This review originally ran on the now-defunct site Birth.Movies.Death in 2018.
Oh, Junk Head. How I do love thee.
Animation is hard. Really hard. It’s a slow, laborious process that can take full-scale professional teams years to output a movie. So when you hear about something like Junk Head – a two-hour dystopian sci-fi epic created via stop-motion animation by one fucking person over seven years – you sit up and take notice.
Junk Head is the brainchild of Takahide Hori, whose journey to feature animator came entirely thanks to this movie. Hori spent years writing and sketching ideas for his sci-fi dream project, unsure of which medium – comic? novel? video game? – to turn it into. Ultimately, he settled on stop-motion animation, despite having zero experience in the field, and set about turning his dream into reality. Seven years later, we have Junk Head.
That’s all good and inspiring, but happily, Junk Head is also a freaking fantastic movie. Set hundreds of years in the future, where humanity has exchanged reproduction for immortality via gene manipulation, it follows a researcher sent into a seemingly bottomless underground to discover the reproductive secrets of the subterranean mutant clones populating it. The movie takes an easygoing approach to its plot: our protagonist quickly gets diverted from his goal, by virtue of being swiftly turned into an amnesiac head encased in a cobbled-together robot body. We then follow the meandering adventures of “Junkers” as he meets strange characters and creatures in the underground, getting drawn into their own weird dramas along the way.
Junk Head‘s tone and style are so odd and distinctive and pure, it could only have come from a single, undiluted vision. Junk Head is as unsettling and gory as Cronenberg and as grand and sad as del Toro, with creature design that brings to mind H.R. Giger. Paradoxically, though, it’s also as cheery and cute and hilarious as Wallace and Gromit. This is a movie shot through with with deep existential anxiety, yet it’s not above dick jokes, slow-motion action beats, or downright absurd character and story choices. Each new episode in Junkers’ underground odyssey is more endearing than the last, whether it’s being worshipped as a god by rotund hunters in gimp suits, fetching disturbingly penile “mashrooms” for the put-upon husband-slaves of boiler-room matriarchs, or forging a friendship with a young orphan and her creepily tentacled protector. It’s an absolute delight.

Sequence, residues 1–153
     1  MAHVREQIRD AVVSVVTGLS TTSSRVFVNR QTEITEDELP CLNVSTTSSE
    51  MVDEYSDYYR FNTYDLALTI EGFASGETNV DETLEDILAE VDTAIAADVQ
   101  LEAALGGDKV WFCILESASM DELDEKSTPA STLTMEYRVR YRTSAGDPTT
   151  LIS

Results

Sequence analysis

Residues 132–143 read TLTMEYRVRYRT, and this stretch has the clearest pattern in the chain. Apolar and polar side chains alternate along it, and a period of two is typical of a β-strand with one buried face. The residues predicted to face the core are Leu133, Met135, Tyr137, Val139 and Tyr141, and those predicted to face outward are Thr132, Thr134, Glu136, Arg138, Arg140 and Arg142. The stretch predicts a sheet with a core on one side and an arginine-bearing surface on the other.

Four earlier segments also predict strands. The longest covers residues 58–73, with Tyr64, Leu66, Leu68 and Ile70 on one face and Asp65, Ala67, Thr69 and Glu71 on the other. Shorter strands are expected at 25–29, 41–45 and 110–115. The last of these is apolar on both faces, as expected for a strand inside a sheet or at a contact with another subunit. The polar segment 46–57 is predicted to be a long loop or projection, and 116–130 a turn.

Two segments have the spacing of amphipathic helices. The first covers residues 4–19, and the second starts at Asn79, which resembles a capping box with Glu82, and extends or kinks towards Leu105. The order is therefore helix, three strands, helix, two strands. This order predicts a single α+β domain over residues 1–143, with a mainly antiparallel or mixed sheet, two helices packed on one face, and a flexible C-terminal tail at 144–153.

It also looks amazing. Junk Head is an intimidatingly impressive achievement in animation – not as spectacular as something like Kubo and the Two Strings, but astonishingly thoroughly-realised for what’s mostly a one-man project. Every character and creature is full of personality, both in design and animation, and every location feels real and lived-in. Hori fills his world with details but leaves them unexplained, stimulating the audience’s imagination to fill in the gaps with their own ideas. It’d be a staggering achievement even for an experienced animator; that Hori managed it while essentially learning on the job is nothing short of a wonder.
Not only is the animation technically impressive; cinematically speaking, it’s remarkably confident in construction. Action sequences have a clear sense of geography and choreography, with artful, energetic character blocking and camera moves. And though the story structure is loose at best, it’s paced phenomenally well, constantly showing the audience new sights, coming together to a satisfying climax of sorts while also feeling as though it could keep going forever. So good is the world-building that in a just world, Junk Head would inspire comics, games, books, and more. This is Hori’s Star Wars, make no mistake.
Unfortunately, if you don’t have a chance to see Junk Head at a festival, you basically just don’t have a chance to see it right now, thanks to somewhat opaque and frustrating rights-holder issues. That’s something of a travesty, because it’s a staggeringly likeable movie that would almost certainly garner a sizeable cult following if it had a chance. I, for one, will be proud to count myself a member of that following when it emerges.